Here’s a chart comparing the odds of being audited by the IRS to an assortment of other events:

Odds of random events compared to the odds of a IRS Federal Income Tax Audit

a NFL pass will be completed1 in 1.7
an adult has a bank account1 in 2
an adult will have sex within the next 24 hours1 in 17
an applicant to Harvard is accepted1 in 18
an adult is a vegan/vegetarian1 in 25
meeting your spouse on a blind date1 in 35
being selected to play on 'The Price is Right'1 in 36
a man age 25 to 45 being a virgin1 in 45
qualifying for Mensa1 in 50
serving on a jury1 in 50
an adult showers less than once a week1 in 100
being killed in a car accident1 in 111
being audited by the IRS1 in 172
being born with 11 fingers or toes1 in 500
catching a foul ball at a MLB baseball game1 in 1000
bowling a 300 game1 in 11,500

Since we think in terms of betting odds here at SPORTS INSIDER we’ve compiled some moneyline odds on tax audits. These are the odds that a specific taxpayer–you for example–will be audited by the IRS under various circumstances:

2019 IRS FEDERAL INCOME TAX AUDIT BETTING ODDS

ODDS THAT AN INDIVIDUAL WILL BE THE SUBJECT OF AN IRS FEDERAL INCOME TAX AUDIT

Yes                                     +25000
No -50000

ODDS THAT AN INDIVIDUAL FILING A HARD COPY (PAPER) RETURN WILL BE THE SUBJECT OF AN IRS FEDERAL INCOME TAX AUDIT

Yes                                     +350
No -700

ODDS THAT AN INDIVIDUAL FILING AN ELECTRONIC RETURN WILL BE THE SUBJECT OF AN IRS FEDERAL INCOME TAX AUDIT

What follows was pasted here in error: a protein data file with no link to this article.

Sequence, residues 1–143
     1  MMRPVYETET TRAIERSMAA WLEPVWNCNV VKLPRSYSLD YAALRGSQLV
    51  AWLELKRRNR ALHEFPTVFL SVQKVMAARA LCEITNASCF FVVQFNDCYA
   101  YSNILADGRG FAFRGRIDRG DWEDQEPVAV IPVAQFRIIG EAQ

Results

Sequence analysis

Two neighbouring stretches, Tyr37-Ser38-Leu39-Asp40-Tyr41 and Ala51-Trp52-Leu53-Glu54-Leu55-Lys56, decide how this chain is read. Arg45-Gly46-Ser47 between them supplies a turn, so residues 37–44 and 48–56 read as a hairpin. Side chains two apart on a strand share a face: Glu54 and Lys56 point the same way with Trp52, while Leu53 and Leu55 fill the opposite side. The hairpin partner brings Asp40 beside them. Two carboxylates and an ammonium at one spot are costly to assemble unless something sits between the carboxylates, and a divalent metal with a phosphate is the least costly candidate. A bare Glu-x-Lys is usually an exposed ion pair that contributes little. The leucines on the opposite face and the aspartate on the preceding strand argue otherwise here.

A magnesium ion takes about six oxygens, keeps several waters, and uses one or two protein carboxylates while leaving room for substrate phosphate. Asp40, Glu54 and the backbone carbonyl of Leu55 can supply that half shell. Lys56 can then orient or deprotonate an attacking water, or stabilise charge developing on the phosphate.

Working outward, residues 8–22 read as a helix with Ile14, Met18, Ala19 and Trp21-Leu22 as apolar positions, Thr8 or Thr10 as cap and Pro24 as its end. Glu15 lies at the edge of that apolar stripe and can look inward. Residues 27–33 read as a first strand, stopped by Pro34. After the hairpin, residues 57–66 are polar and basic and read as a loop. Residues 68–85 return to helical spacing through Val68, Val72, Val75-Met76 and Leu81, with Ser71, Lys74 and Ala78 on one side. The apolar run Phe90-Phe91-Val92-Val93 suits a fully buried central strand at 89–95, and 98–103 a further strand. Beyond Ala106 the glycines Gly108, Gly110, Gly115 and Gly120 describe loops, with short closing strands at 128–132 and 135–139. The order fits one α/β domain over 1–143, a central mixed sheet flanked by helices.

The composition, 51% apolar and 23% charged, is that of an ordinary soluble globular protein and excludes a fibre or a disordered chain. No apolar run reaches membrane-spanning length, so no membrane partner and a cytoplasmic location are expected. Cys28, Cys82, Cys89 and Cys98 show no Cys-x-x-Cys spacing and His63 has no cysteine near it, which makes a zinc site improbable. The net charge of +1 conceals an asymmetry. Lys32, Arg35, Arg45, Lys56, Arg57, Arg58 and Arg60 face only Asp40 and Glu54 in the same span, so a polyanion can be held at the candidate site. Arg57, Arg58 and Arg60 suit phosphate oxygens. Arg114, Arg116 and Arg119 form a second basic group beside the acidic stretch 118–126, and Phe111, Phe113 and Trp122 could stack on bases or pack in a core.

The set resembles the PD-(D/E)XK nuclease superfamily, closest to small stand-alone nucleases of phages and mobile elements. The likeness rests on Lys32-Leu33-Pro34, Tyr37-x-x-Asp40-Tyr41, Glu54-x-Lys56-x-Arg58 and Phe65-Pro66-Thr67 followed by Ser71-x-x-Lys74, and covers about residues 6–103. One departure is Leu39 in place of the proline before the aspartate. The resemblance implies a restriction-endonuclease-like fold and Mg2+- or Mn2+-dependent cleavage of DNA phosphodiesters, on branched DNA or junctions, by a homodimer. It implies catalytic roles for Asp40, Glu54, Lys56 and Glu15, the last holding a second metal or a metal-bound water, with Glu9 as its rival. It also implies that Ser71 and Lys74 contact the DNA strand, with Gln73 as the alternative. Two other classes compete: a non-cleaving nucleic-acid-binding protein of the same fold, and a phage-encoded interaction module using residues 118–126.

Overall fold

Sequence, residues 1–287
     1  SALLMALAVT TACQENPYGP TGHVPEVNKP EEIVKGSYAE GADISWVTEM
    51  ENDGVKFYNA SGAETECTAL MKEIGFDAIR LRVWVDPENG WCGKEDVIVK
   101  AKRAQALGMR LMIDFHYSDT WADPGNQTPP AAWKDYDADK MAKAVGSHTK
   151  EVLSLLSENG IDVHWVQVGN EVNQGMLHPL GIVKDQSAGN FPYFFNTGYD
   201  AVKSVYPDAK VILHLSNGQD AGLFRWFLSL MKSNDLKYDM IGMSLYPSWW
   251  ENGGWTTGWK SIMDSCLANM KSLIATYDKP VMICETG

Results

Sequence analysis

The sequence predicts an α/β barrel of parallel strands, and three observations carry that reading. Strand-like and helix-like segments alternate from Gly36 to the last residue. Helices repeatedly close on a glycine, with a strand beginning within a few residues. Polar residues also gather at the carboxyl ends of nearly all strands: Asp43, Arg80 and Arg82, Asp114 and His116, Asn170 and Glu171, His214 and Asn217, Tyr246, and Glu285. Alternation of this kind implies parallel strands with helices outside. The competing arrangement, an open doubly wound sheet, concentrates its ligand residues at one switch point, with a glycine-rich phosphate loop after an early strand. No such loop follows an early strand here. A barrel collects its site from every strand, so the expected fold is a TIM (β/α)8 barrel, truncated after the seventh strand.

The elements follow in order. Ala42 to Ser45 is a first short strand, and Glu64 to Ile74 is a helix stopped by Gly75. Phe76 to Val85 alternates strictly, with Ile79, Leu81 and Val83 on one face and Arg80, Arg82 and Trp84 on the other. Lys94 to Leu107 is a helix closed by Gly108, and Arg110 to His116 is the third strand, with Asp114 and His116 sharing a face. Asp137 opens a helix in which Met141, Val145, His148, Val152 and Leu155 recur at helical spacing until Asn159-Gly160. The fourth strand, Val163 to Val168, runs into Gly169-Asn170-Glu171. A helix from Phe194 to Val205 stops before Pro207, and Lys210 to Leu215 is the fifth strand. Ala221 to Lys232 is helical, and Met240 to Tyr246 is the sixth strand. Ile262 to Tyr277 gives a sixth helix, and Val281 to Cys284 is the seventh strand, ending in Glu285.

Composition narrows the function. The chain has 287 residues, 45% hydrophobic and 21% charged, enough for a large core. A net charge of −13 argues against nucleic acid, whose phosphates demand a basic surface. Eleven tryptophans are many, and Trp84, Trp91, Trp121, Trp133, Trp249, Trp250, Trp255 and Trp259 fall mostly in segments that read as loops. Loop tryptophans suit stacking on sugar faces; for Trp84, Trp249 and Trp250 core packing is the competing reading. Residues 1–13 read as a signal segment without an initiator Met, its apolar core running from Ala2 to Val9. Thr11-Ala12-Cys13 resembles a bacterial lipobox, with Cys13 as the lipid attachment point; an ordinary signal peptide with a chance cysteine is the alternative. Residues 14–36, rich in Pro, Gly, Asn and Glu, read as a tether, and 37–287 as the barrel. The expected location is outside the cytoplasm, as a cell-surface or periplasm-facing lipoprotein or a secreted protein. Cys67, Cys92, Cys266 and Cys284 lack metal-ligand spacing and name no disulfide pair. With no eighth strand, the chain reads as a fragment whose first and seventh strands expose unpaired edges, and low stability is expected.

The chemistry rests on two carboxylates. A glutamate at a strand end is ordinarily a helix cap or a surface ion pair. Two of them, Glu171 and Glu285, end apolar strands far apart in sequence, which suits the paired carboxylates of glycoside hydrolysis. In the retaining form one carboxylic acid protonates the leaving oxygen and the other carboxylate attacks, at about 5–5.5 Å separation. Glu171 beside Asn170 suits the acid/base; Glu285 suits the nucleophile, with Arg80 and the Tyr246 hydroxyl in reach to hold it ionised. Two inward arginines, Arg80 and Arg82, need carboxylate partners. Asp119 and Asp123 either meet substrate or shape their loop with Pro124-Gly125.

Yes                                     +30000
No -60000

ODDS THAT AN INDIVIDUAL REPORTING NO INCOME WILL BE THE SUBJECT OF AN IRS FEDERAL INCOME TAX AUDIT

Yes                                     +2500
No -5000

ODDS THAT AN INDIVIDUAL REPORTING INCOME BETWEEN $1 AND $25 THOUSAND WILL BE THE SUBJECT OF AN IRS FEDERAL INCOME TAX AUDIT

Yes                                     +7500
No -15000

ODDS THAT AN INDIVIDUAL REPORTING INCOME BETWEEN $25 THOUSAND AND $50 THOUSAND WILL BE THE SUBJECT OF AN IRS FEDERAL INCOME TAX AUDIT

Yes                                     +45000
No -90000

ODDS THAT AN INDIVIDUAL REPORTING INCOME BETWEEN $50 THOUSAND AND $75 THOUSAND WILL BE THE SUBJECT OF AN IRS FEDERAL INCOME TAX AUDIT

Yes                                     +37500
No -75000

ODDS THAT AN INDIVIDUAL REPORTING INCOME BETWEEN $75 THOUSAND AND $100 THOUSAND WILL BE THE SUBJECT OF AN IRS FEDERAL INCOME TAX AUDIT

Yes                                     +40000
No -80000

James Murphy

James Murphy is a preeminent authority on the international gambling industry and has made frequent appearances in the mainstream media including the Wall Street Journal, Bloomberg, Forbes, Entertainment Weekly, CNBC and NPR. He has previously worked as a radio and podcasting host where he broadcast to an international audience that depended on his expertise and advice. Murphy also serves as an odds making consultant for sports and ‘non-sport novelty bets’ covering the entertainment industry, politics, technology, financial markets and just about everything else.